recommended to press the poster against cotton blotter and paraprint/hollytex which absorbs the acidic material and dirt of the washing process.
Mounting the dry (or little moist) poster on the prepared canvas with wheat starch must be done very carefully. It is necessary to remove any remaining creases or bubbles by a really soft bristled brush and a rubber roller. This needs a lot of experience, because there is a risk to damage to the surface of the wet poster or it‘s colours.
The linen backed poster has to dry for some days. In this time it flattens, minor creases and folds disappear. The poster remains on the stretcher until the following restoration process (e.g.
paper replacement, retouches with reversible colors) is completed.
By the way: Air brushing with acrylics or complete over painting on posters is not the way restoration professionals should work. Completely retouched posters looks nice – but it’s value as an original is definitely gone!
Finally the completely dried poster is cut out, leaving a 1 to 1.5 inch margin. This border is left for save handling without touching the poster itself. It also serves to protect the edge of the poster when being shipped or stored. This is the most visible difference to the Japanese paper backing method.
Also called "Japanese Tissue Lining". This is a common archival poster conservation method too. The poster is de-acidified and mounted with wheat paste onto a piece of thin high quality acid free Japanese rice paper.
Paper backing has the same advantages like linen backing, except the stability. But on the other hand it still feels like original paper. In case of framing you don’t need a mat to cover the canvas.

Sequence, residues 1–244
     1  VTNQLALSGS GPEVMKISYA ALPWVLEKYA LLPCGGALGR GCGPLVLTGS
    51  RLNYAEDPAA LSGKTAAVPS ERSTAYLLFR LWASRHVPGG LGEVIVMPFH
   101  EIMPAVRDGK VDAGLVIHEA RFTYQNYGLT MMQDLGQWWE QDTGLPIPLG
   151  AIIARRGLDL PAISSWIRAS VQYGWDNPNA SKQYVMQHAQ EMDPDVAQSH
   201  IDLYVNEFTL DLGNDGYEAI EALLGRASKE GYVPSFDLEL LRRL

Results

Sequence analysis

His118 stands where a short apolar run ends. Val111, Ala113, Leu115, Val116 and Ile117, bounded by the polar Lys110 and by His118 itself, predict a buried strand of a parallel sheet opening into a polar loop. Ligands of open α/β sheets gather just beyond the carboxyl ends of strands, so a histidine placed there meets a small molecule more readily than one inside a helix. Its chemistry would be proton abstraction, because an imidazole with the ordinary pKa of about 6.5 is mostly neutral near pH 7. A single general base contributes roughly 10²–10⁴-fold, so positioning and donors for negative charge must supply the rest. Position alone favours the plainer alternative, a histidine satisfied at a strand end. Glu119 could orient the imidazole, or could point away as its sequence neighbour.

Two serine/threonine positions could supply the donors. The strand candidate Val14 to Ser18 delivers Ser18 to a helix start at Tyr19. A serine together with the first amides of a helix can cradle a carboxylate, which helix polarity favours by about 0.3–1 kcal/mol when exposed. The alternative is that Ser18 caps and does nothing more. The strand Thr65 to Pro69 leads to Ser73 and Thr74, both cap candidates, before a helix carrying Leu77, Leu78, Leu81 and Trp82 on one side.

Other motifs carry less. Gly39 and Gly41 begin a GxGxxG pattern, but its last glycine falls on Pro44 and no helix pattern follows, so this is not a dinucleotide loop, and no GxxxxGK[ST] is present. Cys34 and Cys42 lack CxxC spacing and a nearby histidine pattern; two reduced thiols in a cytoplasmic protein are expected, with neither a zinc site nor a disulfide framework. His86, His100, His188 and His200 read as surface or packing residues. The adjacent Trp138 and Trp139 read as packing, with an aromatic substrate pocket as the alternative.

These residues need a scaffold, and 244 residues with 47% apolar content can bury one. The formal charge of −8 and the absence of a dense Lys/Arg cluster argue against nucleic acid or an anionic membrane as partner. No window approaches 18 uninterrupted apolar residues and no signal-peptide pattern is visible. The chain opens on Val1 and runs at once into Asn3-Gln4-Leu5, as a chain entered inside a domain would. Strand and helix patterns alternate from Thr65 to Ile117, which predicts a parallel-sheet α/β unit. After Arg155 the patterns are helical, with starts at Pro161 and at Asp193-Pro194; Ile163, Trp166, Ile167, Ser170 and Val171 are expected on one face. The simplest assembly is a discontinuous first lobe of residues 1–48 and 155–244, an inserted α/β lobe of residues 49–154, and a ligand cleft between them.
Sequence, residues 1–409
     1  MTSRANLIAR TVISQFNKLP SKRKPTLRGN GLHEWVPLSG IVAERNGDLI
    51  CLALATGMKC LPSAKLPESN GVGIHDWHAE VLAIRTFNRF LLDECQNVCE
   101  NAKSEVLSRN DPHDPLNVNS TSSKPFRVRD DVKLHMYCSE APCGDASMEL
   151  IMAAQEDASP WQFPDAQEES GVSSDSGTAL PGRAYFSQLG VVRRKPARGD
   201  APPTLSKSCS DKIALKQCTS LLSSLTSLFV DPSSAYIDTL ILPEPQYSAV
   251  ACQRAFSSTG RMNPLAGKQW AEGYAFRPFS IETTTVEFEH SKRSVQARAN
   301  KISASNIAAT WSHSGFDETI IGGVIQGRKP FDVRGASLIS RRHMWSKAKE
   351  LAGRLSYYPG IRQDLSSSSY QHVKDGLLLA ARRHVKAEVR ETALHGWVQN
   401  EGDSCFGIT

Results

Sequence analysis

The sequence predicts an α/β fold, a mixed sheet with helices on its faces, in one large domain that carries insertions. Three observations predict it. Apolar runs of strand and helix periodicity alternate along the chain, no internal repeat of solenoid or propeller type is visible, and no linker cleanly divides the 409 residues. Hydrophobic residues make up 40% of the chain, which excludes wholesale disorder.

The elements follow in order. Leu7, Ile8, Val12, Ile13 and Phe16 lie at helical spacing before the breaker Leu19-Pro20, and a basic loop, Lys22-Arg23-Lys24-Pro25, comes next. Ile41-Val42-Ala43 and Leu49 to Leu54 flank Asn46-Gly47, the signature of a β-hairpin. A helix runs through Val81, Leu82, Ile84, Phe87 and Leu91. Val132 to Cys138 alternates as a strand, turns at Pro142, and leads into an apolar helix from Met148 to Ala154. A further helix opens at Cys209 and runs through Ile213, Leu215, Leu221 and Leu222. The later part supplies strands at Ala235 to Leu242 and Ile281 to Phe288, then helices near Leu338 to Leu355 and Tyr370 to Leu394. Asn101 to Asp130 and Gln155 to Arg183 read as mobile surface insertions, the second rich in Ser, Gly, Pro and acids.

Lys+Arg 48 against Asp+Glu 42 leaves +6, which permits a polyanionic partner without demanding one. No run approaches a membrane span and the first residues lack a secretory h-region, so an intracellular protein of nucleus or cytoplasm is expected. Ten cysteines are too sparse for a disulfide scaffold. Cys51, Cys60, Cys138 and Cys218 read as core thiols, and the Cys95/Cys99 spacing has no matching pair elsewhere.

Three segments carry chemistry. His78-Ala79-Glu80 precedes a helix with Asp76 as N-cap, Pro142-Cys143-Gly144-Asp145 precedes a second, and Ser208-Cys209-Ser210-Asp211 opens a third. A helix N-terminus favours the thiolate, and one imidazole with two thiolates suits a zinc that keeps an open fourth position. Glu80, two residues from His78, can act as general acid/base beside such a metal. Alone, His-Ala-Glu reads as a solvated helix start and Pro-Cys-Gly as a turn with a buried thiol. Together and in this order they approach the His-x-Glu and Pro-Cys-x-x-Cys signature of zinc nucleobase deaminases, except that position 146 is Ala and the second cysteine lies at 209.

This method is recommended by museums worldwide, a lot of European collectors prefer paper backed posters too.
This poster conservation method is recommended for posters in very good condition only. A starch backed poster has been flattened, cleaned and de-acidified, but fold lines will usually still be noticeable. It’s not mounted to anything, it feels like the original. The backing is made by use of powdered wheat starch and a small amount of buffer (calcium carbonate) mixed with pure water.
Some collectors protect their posters from moisture and dirt by the method of sealing them in plastic film.
It could be a problem for the printing color, if the plastic is not free of solvents or plasticizers. And some types of mold grow better without fresh air.
The best way to destroy a vintage poster and its value, is to use spray adhesive or double-sided adhesive tape. Gluing to cardboard, masonite, wood, aluminum or other rigid materials is unprofessional, too.
NEVER do this!
NEVER buy unprofessionally backed posters!
The last step is restoration of missing or damaged details in the image. Missing areas are replaced by use of original vintage paper similar to the original.
Scratches or missing details in the image are retouched. Professionals will use methyl cellulose to protect the original poster from all colors which are applied for restoring purpose.
A lot of vintage posters have been destroyed by sunlight. Exposure to UV light accelerates the crystallizing of paper’s cellulose chains. It causes premature stiffness, brittleness and discoloration. It will also cause inks, dyes and paints to fade and discolor.
If posters should be displayed, please use proper acid free mats (passepartouts). Framing with 99% UV filtering plexi or protection glass is the only way to protect a poster and preserve its value for many years. Never place framed posters in direct sunlight!
The best thing to do is to change displayed posters twice a year.
I prefer professional frames manufactured by HALBE. These frames are easy to use, a magnetic mechanism allows to change the artwork very comfortable.
HALBE frames are recommended by museums worldwide.